“We are in our harvest season,” she told The Produce News in mid-August, and “he was down here again today.”

SteveGloriaVolpeSteve Volpe with Gloria Volpe, his wife of 59 years.Volpe began his produce career “as a young boy in Cleveland working for his dad, Louis Volpe,” Cerniglia said. “His dad came from Sicily” and opened a produce house on the terminal market called P. Volpe & Sons.

Steve Volpe quit school at a young age to work full time in the family produce business “to help support the family,” she said.

In 1959, Volpe moved to Fresno, CA, and began Steve Volpe Brokerage Co., specializing in grapes but also handling other commodities such as lettuce, melons and citrus.

“He also would go to Coachella Valley” where he formed a partnership with Lionel Steinberg at David Friedman Co., she said. “He also had a vineyard in Coachella Valley” called Travertine Vineyards, and packed grapes in the “Travertine” label.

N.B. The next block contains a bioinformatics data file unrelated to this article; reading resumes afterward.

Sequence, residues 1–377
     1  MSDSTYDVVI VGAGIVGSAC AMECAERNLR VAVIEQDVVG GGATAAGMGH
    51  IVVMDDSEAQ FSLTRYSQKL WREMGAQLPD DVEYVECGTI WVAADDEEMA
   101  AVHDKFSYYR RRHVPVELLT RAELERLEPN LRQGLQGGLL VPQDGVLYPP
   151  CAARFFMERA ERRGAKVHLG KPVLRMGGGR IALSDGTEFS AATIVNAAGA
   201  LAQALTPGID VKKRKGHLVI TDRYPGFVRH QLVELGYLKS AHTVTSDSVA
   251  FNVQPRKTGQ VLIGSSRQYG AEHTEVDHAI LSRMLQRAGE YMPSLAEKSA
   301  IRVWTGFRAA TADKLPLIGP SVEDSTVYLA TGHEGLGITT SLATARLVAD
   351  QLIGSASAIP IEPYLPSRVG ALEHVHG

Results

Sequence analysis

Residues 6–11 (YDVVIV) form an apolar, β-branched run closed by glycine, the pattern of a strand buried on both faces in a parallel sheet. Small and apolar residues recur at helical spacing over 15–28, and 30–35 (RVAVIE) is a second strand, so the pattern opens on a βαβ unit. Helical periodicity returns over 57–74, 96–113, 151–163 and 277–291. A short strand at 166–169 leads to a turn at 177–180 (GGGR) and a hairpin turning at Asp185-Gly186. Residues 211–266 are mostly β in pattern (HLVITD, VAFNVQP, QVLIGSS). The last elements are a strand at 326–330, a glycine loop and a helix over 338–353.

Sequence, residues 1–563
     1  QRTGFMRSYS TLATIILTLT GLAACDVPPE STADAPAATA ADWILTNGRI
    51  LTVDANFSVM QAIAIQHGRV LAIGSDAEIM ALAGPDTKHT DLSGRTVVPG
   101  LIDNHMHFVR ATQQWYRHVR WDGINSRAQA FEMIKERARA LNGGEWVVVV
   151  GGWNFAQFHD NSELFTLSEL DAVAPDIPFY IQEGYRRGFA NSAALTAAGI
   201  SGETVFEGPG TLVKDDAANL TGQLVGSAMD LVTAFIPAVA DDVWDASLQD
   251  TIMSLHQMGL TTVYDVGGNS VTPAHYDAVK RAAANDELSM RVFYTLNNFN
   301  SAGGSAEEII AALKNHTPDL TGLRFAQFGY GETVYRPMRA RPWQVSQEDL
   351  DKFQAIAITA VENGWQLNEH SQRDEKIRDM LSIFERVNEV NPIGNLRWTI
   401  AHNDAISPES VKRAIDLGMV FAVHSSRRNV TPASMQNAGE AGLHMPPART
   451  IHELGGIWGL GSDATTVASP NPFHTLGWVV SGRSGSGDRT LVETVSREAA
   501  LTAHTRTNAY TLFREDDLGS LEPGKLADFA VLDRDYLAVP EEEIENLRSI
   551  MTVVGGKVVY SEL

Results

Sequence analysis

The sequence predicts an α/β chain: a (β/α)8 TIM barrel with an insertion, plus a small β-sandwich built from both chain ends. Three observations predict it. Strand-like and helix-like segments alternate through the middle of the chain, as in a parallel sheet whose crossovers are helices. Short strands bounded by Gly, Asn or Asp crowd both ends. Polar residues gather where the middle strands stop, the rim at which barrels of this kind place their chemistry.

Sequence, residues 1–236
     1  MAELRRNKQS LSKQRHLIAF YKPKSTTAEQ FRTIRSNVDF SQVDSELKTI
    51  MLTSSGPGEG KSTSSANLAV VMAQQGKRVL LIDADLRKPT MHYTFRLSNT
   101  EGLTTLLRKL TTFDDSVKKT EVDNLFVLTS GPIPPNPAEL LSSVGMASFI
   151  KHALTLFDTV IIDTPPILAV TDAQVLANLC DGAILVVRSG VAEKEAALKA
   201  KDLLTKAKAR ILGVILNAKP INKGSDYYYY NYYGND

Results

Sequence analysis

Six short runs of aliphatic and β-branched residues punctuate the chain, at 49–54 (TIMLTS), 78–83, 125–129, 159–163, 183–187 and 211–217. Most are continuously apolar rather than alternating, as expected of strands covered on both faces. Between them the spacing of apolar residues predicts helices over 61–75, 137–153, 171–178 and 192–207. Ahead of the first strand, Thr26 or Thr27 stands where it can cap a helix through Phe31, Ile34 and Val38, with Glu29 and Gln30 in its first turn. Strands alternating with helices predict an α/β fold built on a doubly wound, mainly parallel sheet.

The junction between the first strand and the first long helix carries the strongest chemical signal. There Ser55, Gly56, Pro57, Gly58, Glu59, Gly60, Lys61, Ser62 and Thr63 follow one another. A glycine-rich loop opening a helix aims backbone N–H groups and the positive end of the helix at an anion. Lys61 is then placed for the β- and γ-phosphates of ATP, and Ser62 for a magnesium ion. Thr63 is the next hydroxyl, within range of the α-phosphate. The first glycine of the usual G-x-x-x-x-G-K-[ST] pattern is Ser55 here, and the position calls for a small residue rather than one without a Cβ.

In the early 1970s, Volpe started Royal Madera Vineyards north of Fresno, growing table grapes and juice grapes, then opened Madera Packing Co. as a partnership, followed by the opening of Madera Raisin Co. in the 1980s, Cerniglia said.

The family no longer owns the raisin company, but “we still have Royal Madera Vineyards” and currently farm Flame, Fantasy, Thompson, Autumn Royal and Red Globe grapes, she said.